It is common when studying written documents to look at the circumstances, the predicaments, surrounding the text. Example: Grabbing your rich uncle, putting a gun to his head, and having him write a will leaving you his vast fortune will not stand up in a court of law because uncle was not of “sound mind.” He was under duress and in fear of his life.
The first amendment to the Constitution reaffirms our right to freedom of religion, speech, the press, assembly, and to petition the government. When it comes to the freedom of religion, it states, “Congress shall make no law respecting an establishment of religion, or prohibiting the free exercise thereof.”
What are the circumstances that brought about the writing of that phrase? England had a state church – The Church of England. No other church was allowed. Baptist, Methodist, Catholics, Presbyterians, and many others fled England to come to a land where they could worship as they pleased, not as the throne dictated.
Due to the circumstances, the framers of our Constitution had lived through; their intent was just as the document says, the national government (Congress) could not establish a church, or religion, and tell people how to worship. The people had free exercise to worship as they pleased. In other words, the government has no right to force you to be a Baptist, Catholic, Methodist, or whatever.
Our nation seems to have taken this to an extreme, far beyond the intentions of the writers. Think about how picky lawyers and the courts are about the wording of a document. Every word, the placement of each word is looked at to determine what something says. With that in mind, ask yourself the following question – Should a public school teacher be allowed to pray at the start of a class?
Many will claim, “No! Separation of church and state!” Now think of the wording of the first amendment. The teacher is not Congress; no law passed, no church established. If the teacher, the individual, is prohibited from praying by the first amendment, is that not “prohibiting the free exercise” of the teacher’s religion?
The founding fathers used God as their reason to break away from England and establish the United States. There are four references to God in the Declaration of Independence.
The “laws of nature and of nature’s God” entitle the United States to independence.
People are “endowed by their Creator with certain unalienable rights.”
Congress appeals “to the Supreme Judge of the world for the rectitude of our intentions.”
The signers, “with a firm reliance on the protection of divine Providence,” pledge to each other their lives, fortunes, and sacred honor.
It would seem foolhardy to think the leaders of the day would announce to the world that God is the establisher of their rights, the one who justifies their actions, and the one only through whom what they are doing can succeed, turnaround after the dust is settled and say that God has no place in whatever they do.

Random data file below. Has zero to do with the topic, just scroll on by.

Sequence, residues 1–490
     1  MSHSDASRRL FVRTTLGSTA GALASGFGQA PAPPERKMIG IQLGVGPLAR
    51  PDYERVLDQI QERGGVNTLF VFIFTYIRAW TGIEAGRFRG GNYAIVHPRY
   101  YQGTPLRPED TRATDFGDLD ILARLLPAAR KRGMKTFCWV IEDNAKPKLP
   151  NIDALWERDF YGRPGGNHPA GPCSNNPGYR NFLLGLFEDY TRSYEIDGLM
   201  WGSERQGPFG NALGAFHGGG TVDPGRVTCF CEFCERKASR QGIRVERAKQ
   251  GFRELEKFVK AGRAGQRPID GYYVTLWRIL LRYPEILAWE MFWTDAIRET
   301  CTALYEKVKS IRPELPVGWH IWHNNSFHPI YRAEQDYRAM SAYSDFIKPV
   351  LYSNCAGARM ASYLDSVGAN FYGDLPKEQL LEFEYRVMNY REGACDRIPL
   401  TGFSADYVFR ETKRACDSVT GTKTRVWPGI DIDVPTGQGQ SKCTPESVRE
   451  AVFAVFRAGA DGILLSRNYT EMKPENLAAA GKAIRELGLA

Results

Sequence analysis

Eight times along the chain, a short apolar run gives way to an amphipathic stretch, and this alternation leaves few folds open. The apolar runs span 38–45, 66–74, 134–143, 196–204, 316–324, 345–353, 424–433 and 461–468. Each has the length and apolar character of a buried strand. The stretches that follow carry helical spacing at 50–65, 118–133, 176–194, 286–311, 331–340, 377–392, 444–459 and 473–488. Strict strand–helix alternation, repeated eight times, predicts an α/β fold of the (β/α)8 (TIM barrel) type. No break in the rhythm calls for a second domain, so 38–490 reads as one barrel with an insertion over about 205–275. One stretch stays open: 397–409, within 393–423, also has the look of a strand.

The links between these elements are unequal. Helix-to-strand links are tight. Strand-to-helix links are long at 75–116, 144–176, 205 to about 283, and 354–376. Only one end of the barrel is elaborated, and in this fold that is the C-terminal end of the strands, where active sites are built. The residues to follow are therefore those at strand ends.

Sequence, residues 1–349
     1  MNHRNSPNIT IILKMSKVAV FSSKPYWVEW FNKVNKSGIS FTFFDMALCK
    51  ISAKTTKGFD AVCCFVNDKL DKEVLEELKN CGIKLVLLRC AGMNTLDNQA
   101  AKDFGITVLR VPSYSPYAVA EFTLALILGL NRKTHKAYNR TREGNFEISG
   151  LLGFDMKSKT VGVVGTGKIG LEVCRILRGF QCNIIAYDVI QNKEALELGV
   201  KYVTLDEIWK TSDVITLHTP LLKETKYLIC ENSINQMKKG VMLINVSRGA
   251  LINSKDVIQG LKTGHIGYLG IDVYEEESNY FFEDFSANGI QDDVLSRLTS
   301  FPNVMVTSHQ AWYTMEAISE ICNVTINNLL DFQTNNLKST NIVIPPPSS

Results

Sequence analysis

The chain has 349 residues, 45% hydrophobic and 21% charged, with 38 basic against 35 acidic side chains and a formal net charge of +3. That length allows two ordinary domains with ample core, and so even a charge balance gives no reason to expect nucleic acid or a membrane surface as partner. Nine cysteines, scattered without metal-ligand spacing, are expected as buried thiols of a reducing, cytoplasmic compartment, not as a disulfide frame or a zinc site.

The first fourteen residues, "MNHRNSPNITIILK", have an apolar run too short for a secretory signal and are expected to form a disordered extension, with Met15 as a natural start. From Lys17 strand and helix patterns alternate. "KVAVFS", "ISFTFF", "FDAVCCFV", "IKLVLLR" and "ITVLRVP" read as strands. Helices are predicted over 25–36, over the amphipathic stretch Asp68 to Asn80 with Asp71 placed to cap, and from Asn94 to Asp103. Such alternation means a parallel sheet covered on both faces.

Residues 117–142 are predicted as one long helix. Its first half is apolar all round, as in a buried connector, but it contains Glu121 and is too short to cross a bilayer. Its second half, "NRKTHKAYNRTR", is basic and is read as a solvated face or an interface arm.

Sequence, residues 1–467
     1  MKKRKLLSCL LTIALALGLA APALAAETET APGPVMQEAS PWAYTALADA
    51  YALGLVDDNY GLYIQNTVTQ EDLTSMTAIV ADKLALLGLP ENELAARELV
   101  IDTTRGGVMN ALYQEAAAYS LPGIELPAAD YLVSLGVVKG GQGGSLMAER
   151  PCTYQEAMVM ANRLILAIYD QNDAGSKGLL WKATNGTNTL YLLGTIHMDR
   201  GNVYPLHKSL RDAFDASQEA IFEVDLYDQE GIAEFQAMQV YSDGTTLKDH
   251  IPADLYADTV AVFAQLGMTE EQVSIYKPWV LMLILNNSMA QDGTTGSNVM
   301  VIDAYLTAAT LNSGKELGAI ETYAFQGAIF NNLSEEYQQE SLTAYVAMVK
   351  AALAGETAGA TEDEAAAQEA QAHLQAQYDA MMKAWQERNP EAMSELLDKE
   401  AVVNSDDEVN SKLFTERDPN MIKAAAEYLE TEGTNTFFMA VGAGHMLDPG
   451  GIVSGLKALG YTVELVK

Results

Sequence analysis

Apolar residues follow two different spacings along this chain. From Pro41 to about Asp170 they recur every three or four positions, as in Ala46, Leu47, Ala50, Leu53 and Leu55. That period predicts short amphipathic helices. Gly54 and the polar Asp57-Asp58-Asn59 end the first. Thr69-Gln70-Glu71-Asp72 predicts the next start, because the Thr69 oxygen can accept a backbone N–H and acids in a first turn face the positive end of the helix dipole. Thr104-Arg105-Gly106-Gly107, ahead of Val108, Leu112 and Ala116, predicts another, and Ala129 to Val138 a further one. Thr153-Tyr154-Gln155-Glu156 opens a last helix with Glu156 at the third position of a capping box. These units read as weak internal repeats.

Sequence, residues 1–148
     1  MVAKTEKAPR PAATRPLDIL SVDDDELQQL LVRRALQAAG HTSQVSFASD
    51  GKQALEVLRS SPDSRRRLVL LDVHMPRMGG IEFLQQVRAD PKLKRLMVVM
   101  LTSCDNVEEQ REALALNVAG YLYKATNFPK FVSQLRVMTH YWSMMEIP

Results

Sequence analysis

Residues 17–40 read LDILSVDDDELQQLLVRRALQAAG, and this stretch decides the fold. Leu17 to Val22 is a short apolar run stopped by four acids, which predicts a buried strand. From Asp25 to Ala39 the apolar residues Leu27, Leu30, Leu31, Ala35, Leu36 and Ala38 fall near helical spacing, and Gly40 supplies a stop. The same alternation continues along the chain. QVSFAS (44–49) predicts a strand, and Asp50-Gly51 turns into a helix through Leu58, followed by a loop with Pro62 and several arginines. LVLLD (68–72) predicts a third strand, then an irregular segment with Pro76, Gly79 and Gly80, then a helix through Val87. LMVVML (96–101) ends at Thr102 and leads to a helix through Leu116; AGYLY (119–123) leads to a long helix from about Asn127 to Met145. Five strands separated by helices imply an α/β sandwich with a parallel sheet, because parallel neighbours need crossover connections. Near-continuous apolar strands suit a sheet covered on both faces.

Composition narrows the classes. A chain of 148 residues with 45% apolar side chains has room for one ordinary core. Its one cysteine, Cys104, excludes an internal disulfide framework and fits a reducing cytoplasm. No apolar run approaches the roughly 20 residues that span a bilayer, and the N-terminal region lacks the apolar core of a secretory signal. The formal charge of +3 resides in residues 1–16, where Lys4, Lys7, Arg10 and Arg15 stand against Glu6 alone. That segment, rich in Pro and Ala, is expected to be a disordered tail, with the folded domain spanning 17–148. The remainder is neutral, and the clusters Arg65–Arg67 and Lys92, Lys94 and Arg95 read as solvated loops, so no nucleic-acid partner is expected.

Some will refute what I just said, by claiming the Declaration is not a legal document. In response to that – because of the Declaration, the colonies believed they were free from England and England took it to be a declaration of war. Today, a person may claim the Declaration of Independence was not a legal document, but at the time, both sides thought it had the authority and was legitimate enough to start a war, change maps, and alter the course of history.
Should a politician keep his religion out of the decisions he makes or the votes he casts?
As far as the Christian goes, 1 Corinthians 10:13, “Whether therefore ye eat, or drink, or whatsoever ye do, do all to the glory of God’” If, in everything we do, we are to give glory to God, that would include casting a vote. That would go for the elected official on the floor and Joe Public in the ballot box.
To the Jew and the Christian, honoring God is the first and greatest commandment (Exodus 20:1-3; Matthew 22:34-40).
All religions have the principle of putting God first. How can anyone, who claims to believe in any god, vote for laws of the land without considering his beliefs? To do so would be to deny the God he believes in, therein, making his religion void.
Life and God are intertwined; therefore, so is politics. America’s founders understood this. That is the reason they would not establish a state church or restrict people from worshipping their God.
In the birth of our nation, the Continental Congress declared the laws of God entitled us to be free from Britain, that an individual’s rights came from the Creator, that the Supreme Judge would decide the right or wrong of their actions, and everything — their lives, fortunes, and sacred honor were in the hands of the Divine. These were not men that thought God was not to be a part of public life.
Preacher Johnson is pastor of Countryside Baptist Church in Parke County, Indiana. Email: firstname.lastname@example.org. Website: www.preacherjohnson.com. E-book: http://www.amazon.com/dp/B00TUJTV2A If you email, inform me where you have seen Preacher’s Point. Viewpoints expressed in the article are the work of the author. The Daily Advocate does not endorse these viewpoints or the independent activities of the author.